(Reuters) - Rescue workers were preparing on Tuesday to recover the body of a woman killed in the partial collapse of an ice cave in Washington state that also injured five others, but the cavern was too dangerous to enter, an official said.
The Snohomish County Sheriff's Office said two men and a woman were airlifted on Monday from the Big Four Ice Caves near Granite Falls, some 40 miles north of Seattle, to nearby hospitals with serious injuries.
Two girls with less serious injuries were driven to a local hospital. Sheriff's Office spokeswoman Shari Ireton said they believed everyone had been accounted for.
Officials had earlier warned that the caves, which host a popular hiking trail and are part of the Mt. Baker-Snoqualmie National Forest, were too treacherous to explore due to unseasonably warm weather.
"They are essentially a frozen-over avalanche chute sitting over a waterfall sitting below a giant rock chute. It's incredibly dangerous," Ireton said.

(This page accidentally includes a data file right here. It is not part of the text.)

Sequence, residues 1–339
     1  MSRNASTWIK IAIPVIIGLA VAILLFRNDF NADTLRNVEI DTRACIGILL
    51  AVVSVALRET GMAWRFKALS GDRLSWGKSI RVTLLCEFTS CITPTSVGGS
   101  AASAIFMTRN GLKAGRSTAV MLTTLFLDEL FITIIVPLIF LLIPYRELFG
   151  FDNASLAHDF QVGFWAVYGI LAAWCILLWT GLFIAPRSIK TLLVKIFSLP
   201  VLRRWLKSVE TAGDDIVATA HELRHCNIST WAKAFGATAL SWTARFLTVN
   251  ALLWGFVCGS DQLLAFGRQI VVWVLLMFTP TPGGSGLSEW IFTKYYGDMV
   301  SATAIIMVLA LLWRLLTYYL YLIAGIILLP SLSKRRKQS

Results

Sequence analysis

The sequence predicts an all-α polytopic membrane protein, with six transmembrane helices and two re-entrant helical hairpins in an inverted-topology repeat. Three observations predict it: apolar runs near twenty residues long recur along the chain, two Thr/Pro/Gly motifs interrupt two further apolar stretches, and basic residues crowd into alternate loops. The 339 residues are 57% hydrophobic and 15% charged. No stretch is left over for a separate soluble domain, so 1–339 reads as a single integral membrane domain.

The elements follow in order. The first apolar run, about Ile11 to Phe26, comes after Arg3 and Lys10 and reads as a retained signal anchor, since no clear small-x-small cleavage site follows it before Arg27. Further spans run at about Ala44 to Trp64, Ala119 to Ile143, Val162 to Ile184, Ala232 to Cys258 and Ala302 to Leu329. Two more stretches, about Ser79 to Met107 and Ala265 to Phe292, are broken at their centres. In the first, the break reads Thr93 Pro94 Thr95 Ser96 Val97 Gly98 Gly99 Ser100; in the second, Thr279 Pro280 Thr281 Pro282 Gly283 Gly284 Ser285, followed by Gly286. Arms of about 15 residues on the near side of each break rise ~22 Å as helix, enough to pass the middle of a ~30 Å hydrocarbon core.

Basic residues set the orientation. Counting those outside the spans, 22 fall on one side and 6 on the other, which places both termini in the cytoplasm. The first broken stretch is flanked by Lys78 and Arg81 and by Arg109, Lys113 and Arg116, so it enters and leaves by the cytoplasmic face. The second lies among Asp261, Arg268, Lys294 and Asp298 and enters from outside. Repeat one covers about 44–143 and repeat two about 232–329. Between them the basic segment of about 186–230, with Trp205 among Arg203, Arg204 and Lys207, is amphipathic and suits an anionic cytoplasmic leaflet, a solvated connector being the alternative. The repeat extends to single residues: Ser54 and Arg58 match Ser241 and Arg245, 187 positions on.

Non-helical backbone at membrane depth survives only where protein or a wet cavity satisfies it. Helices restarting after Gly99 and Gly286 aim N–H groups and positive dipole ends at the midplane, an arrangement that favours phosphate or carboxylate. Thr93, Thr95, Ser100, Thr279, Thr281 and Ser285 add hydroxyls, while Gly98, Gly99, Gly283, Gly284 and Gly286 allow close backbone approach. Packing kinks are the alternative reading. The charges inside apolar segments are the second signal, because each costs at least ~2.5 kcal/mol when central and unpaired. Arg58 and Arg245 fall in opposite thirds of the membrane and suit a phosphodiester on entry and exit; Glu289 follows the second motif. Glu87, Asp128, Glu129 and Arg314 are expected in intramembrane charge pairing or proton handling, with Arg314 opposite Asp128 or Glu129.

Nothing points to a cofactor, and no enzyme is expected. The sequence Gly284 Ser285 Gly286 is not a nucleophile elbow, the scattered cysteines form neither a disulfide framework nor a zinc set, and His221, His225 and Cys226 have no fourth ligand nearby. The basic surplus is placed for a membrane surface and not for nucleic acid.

She said rescue workers could not enter the cave safely and crews were planning how to recover the victim's body, which was at the back of the cave.
Ireton said because of poor cell phone reception in the area, the first call came in about 45 minutes after the collapse. The area will be closed to the public indefinitely, she said.
Chloe Jakubowski, 18, told the Seattle Times newspaper that she and her friends were inside the caves when they heard a loud crack before the ice started to fall.
"As soon as it stopped I looked up and looked around me and it was extremely gruesome, honestly," Jakubowski, who had only minor injuries, told the newspaper. "Everybody there, we grabbed everybody out and helped as best we could."
In May, the U.S. Forest Service warned hikers against entering the Big Four Ice Caves after several sections collapsed in unusually warm spring temperatures.
"The cave is in a condition that we would normally not see until at least September - large, inviting and collapsing," Lead Field Ranger Matthew Riggen said.
Falling ice has long been a danger to hikers in the region during warmer months, officials said. In 2010, an 11-year-old girl was killed near the caves when she was struck by a chunk of ice, forest officials said.
(Reporting by Curtis Skinner in San Francisco and Victoria Cavaliere in Los Angeles; Editing by Mohammad Zargham)